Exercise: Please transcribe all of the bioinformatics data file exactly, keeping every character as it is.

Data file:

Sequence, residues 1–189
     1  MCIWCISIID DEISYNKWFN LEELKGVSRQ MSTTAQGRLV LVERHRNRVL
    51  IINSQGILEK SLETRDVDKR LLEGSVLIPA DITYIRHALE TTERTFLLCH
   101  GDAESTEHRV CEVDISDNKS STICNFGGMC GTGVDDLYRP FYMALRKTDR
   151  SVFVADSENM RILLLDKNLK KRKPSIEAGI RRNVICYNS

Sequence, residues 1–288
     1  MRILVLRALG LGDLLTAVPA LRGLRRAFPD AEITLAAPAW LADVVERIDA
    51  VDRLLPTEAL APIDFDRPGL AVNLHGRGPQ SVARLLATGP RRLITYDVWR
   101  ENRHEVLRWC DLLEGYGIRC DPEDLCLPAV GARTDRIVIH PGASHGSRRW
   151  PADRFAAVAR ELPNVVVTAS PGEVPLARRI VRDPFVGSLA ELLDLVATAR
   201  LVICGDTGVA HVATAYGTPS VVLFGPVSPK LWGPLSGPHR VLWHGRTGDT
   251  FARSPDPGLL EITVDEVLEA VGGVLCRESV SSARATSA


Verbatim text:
Sequence, residues 1–189
     1  MCIWCISIID DEISYNKWFN LEELKGVSRQ MSTTAQGRLV LVERHRNRVL
    51  IINSQGILEK SLETRDVDKR LLEGSVLIPA DITYIRHALE TTERTFLLCH
   101  GDAESTEHRV CEVDISDNKS STICNFGGMC GTGVDDLYRP FYMALRKTDR
   151  SVFVADSENM RILLLDKNLK KRKPSIEAGI RRNVICYNS

Sequence, residues 1–288
     1  MRILVLRALG LGDLLTAVPA LRGLRRAFPD AEITLAAPAW LADVVERIDA
    51  VDRLLPTEAL APIDFDRPGL AVNLHGRGPQ SVARLLATGP RRLITYDVWR
   101  ENRHEVLRWC DLLEGYGIRC DPEDLCLPAV GARTDRIVIH PGASHGSRRW
   151  PADRFAAVAR ELPNVVVTAS PGEVPLARRI VRDPFVGSLA ELLDLVATAR
   201  LVICGDTGVA HVATAYGTPS VVLFGPVSPK LWGPLSGPHR VLWHGRTGDT
   251  FARSPDPGLL EITVDEVLEA VGGVLCRESV SSARATSA